“The journey to knowing God must include the discipline of coming to know yourself, and that risky journey invariably starts in silence” Ian Adams “Cave, Refectory, Road”

“When’s it going to stop!”

“When is it going to stop!” it feels like the British obsession with talking about the weather is being well and truly fuelled by all the rain and wet we’ve had this year -the wettest June on record (that is since 1910) seems to be being followed by a pretty wet start to July as well. http://www.bbc.co.uk/news/uk-18678659 While all us gardeners appreciate the value of rain to help the garden grow, once it gets this much it obviously starts to cause its own problems.

It’s a year since we got the keys to Plot107 – and its seen some real changes in the allotments in Parson Cross, of course we’ve had to say goodbye to Fay who helped so much in the early days, but now we’ve set up our own Community Garden Group with Mick as chair of the group, we are already planning various activities to try and improve the site still further such as a big tidy up of what use to be the compost pile in the bays at the top of the site, more work to make the poly tunnel or more useable space, and improvements to the communal area, including using the large containers as a shelter for when the weather is wet. There are still about 40 plots available if people are wanting one, so if your interested contact Ceri Ashton (Allotment Officer with Sheffield Council) on 01142734771.

But meanwhile, the rain continues to pour – hosepipe bans have turned into flood warnings, drainage from the plots has become a bigger issue for some more than getting water onto them, “When’s it going to stop!” is what many people affected by this very wet spell are already crying out. Life can be like that too I guess, we can seem to overwhelmed by event after event, difficulty after difficulty – at times it feels like our lives are just being flooded with problems, at times like those it’s hard to look for the glimpses of sunshine behind the clouds – at times like those the most honest thing to do is to cry out to God “When is it going to stop!” There is something of this in the bible story of Job. In the story Job goes from having everything to having nothing, in fact almost worse than nothing – so much that at one stage he says to God that he would rather be dead – certainly someone at a low point…. despite this Job keeps his faith in God, and its in those difficult and dark days that we need to keep faith, it is perhaps when we need God the most.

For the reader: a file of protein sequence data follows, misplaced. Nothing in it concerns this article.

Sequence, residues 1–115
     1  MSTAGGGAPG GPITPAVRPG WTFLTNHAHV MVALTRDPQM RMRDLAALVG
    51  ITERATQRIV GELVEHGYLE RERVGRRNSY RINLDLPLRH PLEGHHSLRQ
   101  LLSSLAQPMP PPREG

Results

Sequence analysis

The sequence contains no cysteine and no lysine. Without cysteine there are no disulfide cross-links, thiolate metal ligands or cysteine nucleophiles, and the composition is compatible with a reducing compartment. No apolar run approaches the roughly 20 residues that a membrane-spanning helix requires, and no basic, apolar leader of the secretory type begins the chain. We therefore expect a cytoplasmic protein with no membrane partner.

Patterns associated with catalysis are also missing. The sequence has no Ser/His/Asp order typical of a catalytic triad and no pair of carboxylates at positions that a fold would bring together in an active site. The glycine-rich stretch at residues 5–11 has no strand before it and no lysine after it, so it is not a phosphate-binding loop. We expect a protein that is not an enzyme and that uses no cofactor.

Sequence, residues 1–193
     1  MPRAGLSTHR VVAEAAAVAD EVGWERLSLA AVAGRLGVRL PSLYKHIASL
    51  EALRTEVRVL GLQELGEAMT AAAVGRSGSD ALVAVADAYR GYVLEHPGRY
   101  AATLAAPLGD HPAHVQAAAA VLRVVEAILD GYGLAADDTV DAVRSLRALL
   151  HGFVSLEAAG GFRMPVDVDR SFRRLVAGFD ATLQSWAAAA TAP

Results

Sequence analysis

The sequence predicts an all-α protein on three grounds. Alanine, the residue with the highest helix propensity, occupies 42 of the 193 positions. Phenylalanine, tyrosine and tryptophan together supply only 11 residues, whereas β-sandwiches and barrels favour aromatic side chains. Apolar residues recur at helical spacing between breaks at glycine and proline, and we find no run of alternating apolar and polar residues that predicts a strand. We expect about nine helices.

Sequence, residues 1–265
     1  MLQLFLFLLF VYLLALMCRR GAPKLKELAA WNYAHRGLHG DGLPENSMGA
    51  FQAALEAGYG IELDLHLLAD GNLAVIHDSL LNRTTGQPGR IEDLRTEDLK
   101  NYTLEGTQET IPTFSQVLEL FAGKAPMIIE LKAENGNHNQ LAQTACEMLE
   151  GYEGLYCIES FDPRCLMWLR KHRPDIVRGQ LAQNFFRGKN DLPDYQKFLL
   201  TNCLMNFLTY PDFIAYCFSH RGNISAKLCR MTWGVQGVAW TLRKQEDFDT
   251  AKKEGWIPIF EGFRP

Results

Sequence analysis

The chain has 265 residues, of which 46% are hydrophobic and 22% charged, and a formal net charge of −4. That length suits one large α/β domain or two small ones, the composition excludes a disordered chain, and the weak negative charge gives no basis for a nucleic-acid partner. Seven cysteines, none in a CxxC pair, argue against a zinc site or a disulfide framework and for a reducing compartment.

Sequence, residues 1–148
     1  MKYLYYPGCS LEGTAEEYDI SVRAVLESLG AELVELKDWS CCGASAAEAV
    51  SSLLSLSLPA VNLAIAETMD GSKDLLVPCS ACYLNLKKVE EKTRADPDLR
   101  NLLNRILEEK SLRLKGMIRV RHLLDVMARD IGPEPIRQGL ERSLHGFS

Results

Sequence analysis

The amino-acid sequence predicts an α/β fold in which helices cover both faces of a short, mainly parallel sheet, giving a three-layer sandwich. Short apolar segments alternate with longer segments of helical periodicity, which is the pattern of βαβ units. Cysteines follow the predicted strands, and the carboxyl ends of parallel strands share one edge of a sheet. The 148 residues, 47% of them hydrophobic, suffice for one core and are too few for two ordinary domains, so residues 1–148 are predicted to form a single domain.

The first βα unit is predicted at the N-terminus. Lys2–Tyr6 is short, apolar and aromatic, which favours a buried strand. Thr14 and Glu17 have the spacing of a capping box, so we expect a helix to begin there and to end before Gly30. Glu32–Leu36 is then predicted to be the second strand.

Welcome to the jungle

Plot107

Walking to Plot107 this week was a bit like a jungle trek with weeds on unused plots at head height. It’s frustrating trying to keep your own plot free from weeds when there’s neighbouring plots stacked high with them and ready to spread seeds across the site – meanwhile the recent weather has been ideal not just for weeds but for lots of produce on the allotments.

This weeks also been good for fruit on the plot – managed to harvest the first of the gooseberries (which made a rather lovely crumble with custard, thanks to my wife Angela and her cooking skills!) and the wild strawberry plants are putting up loads of their mini strawberries. Not to be outdone though the cultivated strawberry plants are also well down the line of producing fruits. I must admit I always enjoy being able to pick and eat a strawberry straight from the plant – it reminds me of past trips to PYO (Pick Your Own) strawberry fields, I used to like the one in Ecclesfield but now the only reference to it being a farm is the name of the pub there!